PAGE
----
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Paintings for July-August 2010

#6 August 2010

All paintings are acrylic on paper, 44 x 30 inches
unless otherwise noted.

Click the thumbnails for larger images.



#1 July 2010.


July 7, 2010.
Lac Ouareau studio, late afternoon.
Begin #1 July 2010.

1. Prepare the place...
Examples are Temples, Churches and Mosques. Turn on the lights focused on the painting table (the altar)—see the paper—oh my God, it’s so BIG.

2. Prepare the tools...
The paints, knives, atomizer and brushes

3. Begin the ritual to invoke God...
He’s still in my crotch, the core of life and death, and it’s watching the death part rise that’s so…

It’s the egg so vast, the sperm so small…


July 8, 2010.
Lac Ouareau, late morning.
The July 7 note began—“It’s the egg so vast, the sperm so small…” The July 8 continuation is, “the end so sure.” And so I decided to cover the meaningless blots and stains at the lower left of the egg with a white ribbon carved with the death cross.



July 9, 2010.
Lac Ouareau, night.
Start with the pyramid that was to have been the blocks of the times of life with one near the bottom on the right as the death mark. But the image becomes instead the pyramid of “This is the Beauty” with the death mark gone mostly in shadow.

July 10, 2010.
Lac Ouareau, afternoon.
Reading Yishu, the Magazine of Contemporary Chinese Art…

That world of curators, scholars, critics and gallerists is not my world, their mode of talk (they call it “discourse”--how much more intellectual and authoritative sounding) is not mine; and I realize that my worlds--yes, of discourse--cannot be perceived in theirs. My origins are in early 20th C. modernism and the early 19th C. Romantics, the roots from which my time has grown now more than 65 years. Their roots are in post-WWII modernism and its post-modernist deconstruction. They are still in the young sprout stage. What will be their tree and where its fruit when they are old?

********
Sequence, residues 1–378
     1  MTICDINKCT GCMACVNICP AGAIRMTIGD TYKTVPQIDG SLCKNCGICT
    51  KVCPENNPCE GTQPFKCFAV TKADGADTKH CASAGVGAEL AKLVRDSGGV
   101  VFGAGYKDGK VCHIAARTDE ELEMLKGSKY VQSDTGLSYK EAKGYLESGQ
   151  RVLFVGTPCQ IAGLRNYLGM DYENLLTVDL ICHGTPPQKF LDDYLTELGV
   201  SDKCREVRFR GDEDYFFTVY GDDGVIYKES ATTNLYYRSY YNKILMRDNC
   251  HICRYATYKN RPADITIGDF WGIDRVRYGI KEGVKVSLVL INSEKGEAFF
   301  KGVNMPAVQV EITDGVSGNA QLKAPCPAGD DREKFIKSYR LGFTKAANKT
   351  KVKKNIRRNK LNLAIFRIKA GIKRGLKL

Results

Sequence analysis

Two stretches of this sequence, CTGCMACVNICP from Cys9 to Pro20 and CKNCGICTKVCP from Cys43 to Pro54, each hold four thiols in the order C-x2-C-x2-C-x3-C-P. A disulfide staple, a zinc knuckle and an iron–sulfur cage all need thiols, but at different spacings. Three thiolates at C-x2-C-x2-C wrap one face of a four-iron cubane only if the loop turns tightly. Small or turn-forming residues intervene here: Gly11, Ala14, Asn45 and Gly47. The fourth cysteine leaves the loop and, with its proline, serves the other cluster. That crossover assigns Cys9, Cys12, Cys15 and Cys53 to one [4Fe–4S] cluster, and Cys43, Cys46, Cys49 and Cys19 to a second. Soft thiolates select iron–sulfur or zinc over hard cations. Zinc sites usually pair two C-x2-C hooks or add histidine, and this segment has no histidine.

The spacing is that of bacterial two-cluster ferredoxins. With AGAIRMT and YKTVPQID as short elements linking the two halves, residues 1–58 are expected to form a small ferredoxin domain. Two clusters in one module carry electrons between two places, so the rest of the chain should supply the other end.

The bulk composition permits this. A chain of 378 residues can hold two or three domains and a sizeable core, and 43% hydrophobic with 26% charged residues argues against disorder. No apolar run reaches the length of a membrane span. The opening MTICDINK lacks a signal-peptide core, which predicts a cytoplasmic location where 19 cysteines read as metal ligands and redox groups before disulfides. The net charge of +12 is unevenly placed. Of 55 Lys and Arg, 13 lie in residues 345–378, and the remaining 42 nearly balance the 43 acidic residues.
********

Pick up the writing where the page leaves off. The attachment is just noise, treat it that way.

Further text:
July 11, 2010.
Lac Ouareau, early morning.
Put in the red dot at the bottom center of #2 July.
And the red dot with the gray “wings”, that is the farewell.

July 12, 2010.
Lac Ouareau, afternoon.
Now, with the red dot at the bottom, each time I look at the painting—this morning, this noon, now late afternoon—the painting “locks” more firmly. And that is what I want, the painting (paint, form, content) locked for good.

The problem with painting as poetry, when they are your life statements, you don’t want to lose them. 


#2 July 2010





#3 July 2010.


#4 July 2010.

July 14, 2010.
Lac Ouareau, night.
Begin to work on #3, July, 2010
I heard…
“In the heads of old dry grass new seeds are always hidden.”
This is my teaching career for the next years… and my art, too. Both are my life, old dry grass with next year’s seeds in it. And as for the painting, I ended up with one very large seed.


Histories are what writers write, and each writer writes differently. Handwritings vary, and so do histories—the handwriting varies by early training, personal muscle configuration, marking instruments and the speeds of their use. The histories vary by the early training of the historian (what matters to the Ph.D. committee: biography or economics, politics or style), by the historian’s personal experience in the world (job opportunities) and in the soul (the mother’s love, the child’s fears, the broken heart—that backpack of experience we each carry full of the stuff only we know and a lot we don’t)


July 16, 2010.
Lac Ouareau, evening.
Make #4, July 2010.
Seeds sown and sprouted in the child, then flowered in maturity and scattered again by old age for the times to come.


Sometimes in the flowering they bleed.

And for music in the studio for working on this painting, there should be Gregorian chant—a Church to receive our sorrows.

And a star above… how our trite wishes have all the truth.

I did not put in the star, but noticed next day a random blot where it would have been—a black blot in a semi diamond shape—the death star. I didn’t need to put it in, and it was not the trite immortality wish for a bright star but the trite dark death fact after the flowers have bled.

 (And the gold band remembers my wedding ring.)




Click the image below for paintings August 2010

#1 August 2010.
Acrylic with collage on paper, 30 x 44 inches.




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